Minneapolis-based implantable medical device maker Medtronic has acquired Chanhassen, Minnesota-based Cardiocom, a remote patient monitoring and disease management company, for $200 million in cash. As the Wall Street Journal reported, this acquisition represents a diversification for Medtronic, from it’s core offering of implantable medical devices to home health monitors working to help providers reduce hospital readmissions.
“With broad healthcare reform initiatives focused on growing economic challenges, healthcare systems in every region of the world are striving to continuously improve outcomes, increase access, save cost, and improve the efficiency of healthcare delivery. The acquisition of Cardiocom is one step we are taking toward providing a combination of products and solutions that can help address those challenges,” Omar Ishrak, chairman and CEO of Medtronic, said in a statement.
The company expects the acquisition to have a neutral impact on earnings for 2014, but considers it a long term investment, according to the press release.
Cardiocom, which was founded in 1997, has a number of provider-facing telehealth offerings. The company’s Diabetes Management System uses a wireless glucometer, but transmits the readings over a landline. Cardiocom also offers a connected weight scale called the Telescale and a telehealth hub for connecting providers to patients with conditions including heart failure, hypertension, COPD, asthma, diabetes, chronic kidney disease and end stage renal disease. Notably, the company was contracted to provide telehealth technology to the US Department of Veteran Affairs in 2011.
Cardiocom is not affiliated with Canadian company CardioComm Solutions, the mobile ECG company that produces the HeartCheck Pen, although, as Medtronic has typically focused on cardiac patients, some confusion between the similarly named companies is inevitable.
The Journal reports that Medtronic will initially use Cardiocom’s telehealth technology in the treatment of heart failure patients, monitoring weight gain as a predictor of heart failure. As time goes on, the company may move into diabetes management, building on Cardiocom’s existing platform.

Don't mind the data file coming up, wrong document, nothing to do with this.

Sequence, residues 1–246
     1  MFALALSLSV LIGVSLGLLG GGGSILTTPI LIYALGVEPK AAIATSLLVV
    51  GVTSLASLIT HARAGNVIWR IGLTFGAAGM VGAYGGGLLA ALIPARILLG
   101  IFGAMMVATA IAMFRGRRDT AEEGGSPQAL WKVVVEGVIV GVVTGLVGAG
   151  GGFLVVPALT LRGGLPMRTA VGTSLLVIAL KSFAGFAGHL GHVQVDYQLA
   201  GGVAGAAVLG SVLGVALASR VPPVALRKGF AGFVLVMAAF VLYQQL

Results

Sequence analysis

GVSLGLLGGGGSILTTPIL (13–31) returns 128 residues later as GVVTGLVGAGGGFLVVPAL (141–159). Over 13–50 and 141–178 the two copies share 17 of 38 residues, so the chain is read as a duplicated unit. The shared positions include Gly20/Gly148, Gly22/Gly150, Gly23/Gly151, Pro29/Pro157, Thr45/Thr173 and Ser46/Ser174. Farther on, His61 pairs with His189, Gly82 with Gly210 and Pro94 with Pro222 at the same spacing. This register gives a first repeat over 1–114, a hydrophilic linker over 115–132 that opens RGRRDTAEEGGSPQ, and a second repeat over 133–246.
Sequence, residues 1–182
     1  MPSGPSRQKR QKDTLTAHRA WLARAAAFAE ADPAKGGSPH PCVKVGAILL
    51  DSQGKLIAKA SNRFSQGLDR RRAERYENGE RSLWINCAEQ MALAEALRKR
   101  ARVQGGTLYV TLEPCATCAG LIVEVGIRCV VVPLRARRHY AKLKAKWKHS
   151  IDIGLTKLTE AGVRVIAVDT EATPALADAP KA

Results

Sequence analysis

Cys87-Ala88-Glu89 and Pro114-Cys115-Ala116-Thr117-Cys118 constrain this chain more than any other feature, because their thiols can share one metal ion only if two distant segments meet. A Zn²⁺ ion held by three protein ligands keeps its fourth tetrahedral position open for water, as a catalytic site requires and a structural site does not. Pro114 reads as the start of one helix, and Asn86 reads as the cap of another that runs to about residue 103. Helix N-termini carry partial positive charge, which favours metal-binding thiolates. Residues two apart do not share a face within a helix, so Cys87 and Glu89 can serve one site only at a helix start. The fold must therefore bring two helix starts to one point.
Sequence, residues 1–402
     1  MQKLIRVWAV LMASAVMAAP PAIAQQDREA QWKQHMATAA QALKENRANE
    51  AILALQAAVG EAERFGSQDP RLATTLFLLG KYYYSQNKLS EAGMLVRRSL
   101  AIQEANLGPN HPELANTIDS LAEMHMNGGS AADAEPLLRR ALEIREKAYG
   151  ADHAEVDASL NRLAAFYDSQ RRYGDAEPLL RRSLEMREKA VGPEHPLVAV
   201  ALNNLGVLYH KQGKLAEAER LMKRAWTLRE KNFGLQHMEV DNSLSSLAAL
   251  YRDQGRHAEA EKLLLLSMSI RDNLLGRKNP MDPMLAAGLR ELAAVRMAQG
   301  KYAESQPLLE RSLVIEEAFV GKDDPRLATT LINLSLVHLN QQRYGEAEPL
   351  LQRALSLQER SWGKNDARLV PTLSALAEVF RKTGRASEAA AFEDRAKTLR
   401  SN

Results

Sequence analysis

Cardiocom made it onto MobiHealthNews’s radar last year when it was sued by Robert Bosch Healthcare for patent infringement, along with three other companies. One of those companies, Waldo Health (now known as Televero Health), settled the case, while another, MedApps, was acquired by Alere, who rebranded the company Alere Connect. Because Alere already held licenses for the patents, the case was most likely dropped. The case against Cardiocom is apparently still pending; what affect this acquisition will have on it remains to be seen. In the past, Cardiocom President and CEO Daniel Cosentino called the case “groundless and without merit.”
Although Cardiocom has not focused on smartphone access, Medtronic has dabbled in various areas of mobile health for a long time. In 2011, the company created a smartphone app for physicians to access data from its implantable devices. Last year, the company contributed early funding to Cambridge, Massachusetts-based sensor company MC10. It has also has been developing iPad games to help train surgeons, and recently released a clinical decision support app for heart surgeons called “Seize Simplicity.”
Medtronic was also embroiled in a long-running controversy with ePatient advocate Hugo Campos, who has been petitioning the company for a number of years for unfettered access to the data from his implantable device. Campos eventually received some of that access last month after reaching out to Ishrak on Twitter, although he still says the information is incomplete.